Others were more reactionary in dealing with stolen bodies. Families would place advertisements in newspapers requesting that the corpses of loved ones be returned for a price.
Crafty individuals with clever minds also tried their hand at inventing deterrents, including dropping cages over would-be grave robbers. Perhaps the most gruesome of all traps was a tripwire that would set off a bomb and simply blow up the resurrectionists.
For New Albany's most infamous grave robbery, however, the only defense needed was a gut feeling and a gun.
It happened in early 1890 when three physicians from Louisville — including Dr. J. T. Blackburn, Dr. W. E. Grant, and another whose name was thought to be Graham — ventured across the Ohio River on a wagon with two assistants by the names of George Brown and William Mukes. The purpose of their trip was to retrieve the bodies of two recently-buried men, Thomas Johnson and Edward Pearce, from what was still referred to as the Northern Burying Ground.
A bit of carelessness on the end of the would-be desecrators, all of whom were connected to the Kentucky School of Medicine, caused their plans to be doomed from the jump.
“Blackburn had been caught scouting earlier," Romig said. "He went to the cemetery and asked where these certain graves were. Someone took him to them, and Blackburn then offered to give them money. That guy is the one who ratted them out."
After the sexton of the graveyard was notified, he immediately took the matter to police. A group of officers and friends and family of the deceased then hatched a plan. They gathered at the cemetery that night, hidden near the graves in order to catch the resurrectionists in the act.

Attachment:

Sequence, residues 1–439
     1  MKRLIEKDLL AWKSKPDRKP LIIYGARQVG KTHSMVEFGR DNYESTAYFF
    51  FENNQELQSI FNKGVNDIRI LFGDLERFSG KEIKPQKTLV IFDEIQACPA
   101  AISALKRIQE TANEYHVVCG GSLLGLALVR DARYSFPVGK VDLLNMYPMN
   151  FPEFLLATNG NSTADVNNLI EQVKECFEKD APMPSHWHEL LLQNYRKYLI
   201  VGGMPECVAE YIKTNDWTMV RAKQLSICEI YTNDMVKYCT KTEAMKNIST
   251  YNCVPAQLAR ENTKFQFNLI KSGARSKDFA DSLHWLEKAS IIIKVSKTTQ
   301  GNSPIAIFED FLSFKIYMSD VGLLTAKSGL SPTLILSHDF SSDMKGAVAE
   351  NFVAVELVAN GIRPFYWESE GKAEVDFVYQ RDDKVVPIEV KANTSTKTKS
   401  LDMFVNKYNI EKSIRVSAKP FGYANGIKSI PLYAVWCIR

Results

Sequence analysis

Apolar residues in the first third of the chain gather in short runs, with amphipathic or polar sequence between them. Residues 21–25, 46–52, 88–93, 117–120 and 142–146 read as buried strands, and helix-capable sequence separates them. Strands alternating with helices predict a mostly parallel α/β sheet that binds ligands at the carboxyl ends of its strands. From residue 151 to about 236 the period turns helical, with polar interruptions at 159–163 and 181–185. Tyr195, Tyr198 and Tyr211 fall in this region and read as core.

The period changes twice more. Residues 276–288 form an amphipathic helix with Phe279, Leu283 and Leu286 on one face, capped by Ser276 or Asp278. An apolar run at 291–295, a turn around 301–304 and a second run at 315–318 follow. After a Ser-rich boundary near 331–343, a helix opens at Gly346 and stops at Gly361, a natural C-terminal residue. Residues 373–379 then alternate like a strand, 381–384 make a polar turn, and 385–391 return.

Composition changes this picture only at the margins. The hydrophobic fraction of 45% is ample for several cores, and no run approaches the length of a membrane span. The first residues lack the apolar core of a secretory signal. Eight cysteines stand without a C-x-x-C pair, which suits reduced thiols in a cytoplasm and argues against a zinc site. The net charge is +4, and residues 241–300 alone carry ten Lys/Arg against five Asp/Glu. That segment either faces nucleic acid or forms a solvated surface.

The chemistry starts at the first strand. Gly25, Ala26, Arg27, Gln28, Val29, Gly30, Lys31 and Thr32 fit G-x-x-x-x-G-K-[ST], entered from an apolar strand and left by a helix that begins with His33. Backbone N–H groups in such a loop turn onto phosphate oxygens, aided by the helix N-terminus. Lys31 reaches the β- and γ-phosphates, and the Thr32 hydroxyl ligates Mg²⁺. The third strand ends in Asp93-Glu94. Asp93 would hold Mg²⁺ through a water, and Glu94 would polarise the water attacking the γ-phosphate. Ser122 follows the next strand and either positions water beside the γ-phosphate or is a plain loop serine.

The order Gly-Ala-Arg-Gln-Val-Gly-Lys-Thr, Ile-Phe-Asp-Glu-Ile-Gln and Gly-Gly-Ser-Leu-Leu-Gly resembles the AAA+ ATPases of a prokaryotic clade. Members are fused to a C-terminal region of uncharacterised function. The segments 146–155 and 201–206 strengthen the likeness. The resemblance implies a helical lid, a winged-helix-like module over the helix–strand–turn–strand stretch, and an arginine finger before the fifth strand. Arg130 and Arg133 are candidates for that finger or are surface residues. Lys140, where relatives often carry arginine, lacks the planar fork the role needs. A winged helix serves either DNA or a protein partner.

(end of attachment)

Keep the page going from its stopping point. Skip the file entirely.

Reports show that the night of the incident was particularly spooky, with a massive storm making its way through New Albany at the midnight hour.
"It was one of the worst lightning storms to happen in New Albany in a while that night," Romig said. "It was the perfect setup for something ghoulish to happen."
Not long after making their way past the cemetery gates, the robbers were ambushed by the watchers, who shouted, "Throw up your hands!"
The assistant Brown, however, decided to run. In between the sudden crashes of lightning and thunder, a gunshot was fired, killing Brown instantly.
"Apparently his heart had been blown out of his chest," Romig said.
Though Brown was armed, it was found that he had not intended to use the gun, with the coroner noting that he was shot in the back at close range.
Blackburn, Grant and Mukes were arrested and taken to New Albany's jailhouse, with the third doctor escaping. A gathering mob prompted officials to transport them to the state prison in Jeffersonville to avoid lynchings.
In the weeks that followed, a media frenzy over the incident ensued, with newspapers from major cities throughout the country running stories.
To the dismay of many shocked residents in the area, none of the men were convicted of a crime, with officials noting that they had not yet dug into the graves when they were captured. Romig said that the support of the entire medical community and the best legal team in Louisville also played a role in the acquittals.
Unlike what happened that night in New Albany, many grave robbers likely got away with their crimes without anyone ever knowing.
"Grave robbery was a huge problem in the United States and Europe," Romig said. "You really don’t know in old graveyards how many bodies are still there. All these people were sneaking and stealing bodies and covering it back up.”
Those interested in learning more about Fairview Cemetery can view the exhibition "'A Place of Rare Beauty': A Sketch of Fairview Cemetery's History," which will be at the Carnegie Center until Dec. 14.